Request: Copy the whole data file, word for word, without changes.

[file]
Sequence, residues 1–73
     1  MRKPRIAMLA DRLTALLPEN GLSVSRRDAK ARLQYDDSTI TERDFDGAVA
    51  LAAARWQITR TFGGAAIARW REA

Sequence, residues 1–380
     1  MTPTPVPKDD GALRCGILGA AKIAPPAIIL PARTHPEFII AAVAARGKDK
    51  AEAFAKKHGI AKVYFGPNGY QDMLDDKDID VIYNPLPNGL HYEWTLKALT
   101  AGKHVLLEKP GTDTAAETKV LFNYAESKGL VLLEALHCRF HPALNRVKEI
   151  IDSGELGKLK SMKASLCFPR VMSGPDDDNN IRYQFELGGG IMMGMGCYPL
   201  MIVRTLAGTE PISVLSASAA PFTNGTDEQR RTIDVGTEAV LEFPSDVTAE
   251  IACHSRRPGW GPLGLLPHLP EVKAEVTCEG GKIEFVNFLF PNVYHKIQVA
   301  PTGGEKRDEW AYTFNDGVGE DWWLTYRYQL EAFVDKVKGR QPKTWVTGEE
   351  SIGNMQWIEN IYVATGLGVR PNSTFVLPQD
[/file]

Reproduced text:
Sequence, residues 1–73
     1  MRKPRIAMLA DRLTALLPEN GLSVSRRDAK ARLQYDDSTI TERDFDGAVA
    51  LAAARWQITR TFGGAAIARW REA

Sequence, residues 1–380
     1  MTPTPVPKDD GALRCGILGA AKIAPPAIIL PARTHPEFII AAVAARGKDK
    51  AEAFAKKHGI AKVYFGPNGY QDMLDDKDID VIYNPLPNGL HYEWTLKALT
   101  AGKHVLLEKP GTDTAAETKV LFNYAESKGL VLLEALHCRF HPALNRVKEI
   151  IDSGELGKLK SMKASLCFPR VMSGPDDDNN IRYQFELGGG IMMGMGCYPL
   201  MIVRTLAGTE PISVLSASAA PFTNGTDEQR RTIDVGTEAV LEFPSDVTAE
   251  IACHSRRPGW GPLGLLPHLP EVKAEVTCEG GKIEFVNFLF PNVYHKIQVA
   301  PTGGEKRDEW AYTFNDGVGE DWWLTYRYQL EAFVDKVKGR QPKTWVTGEE
   351  SIGNMQWIEN IYVATGLGVR PNSTFVLPQD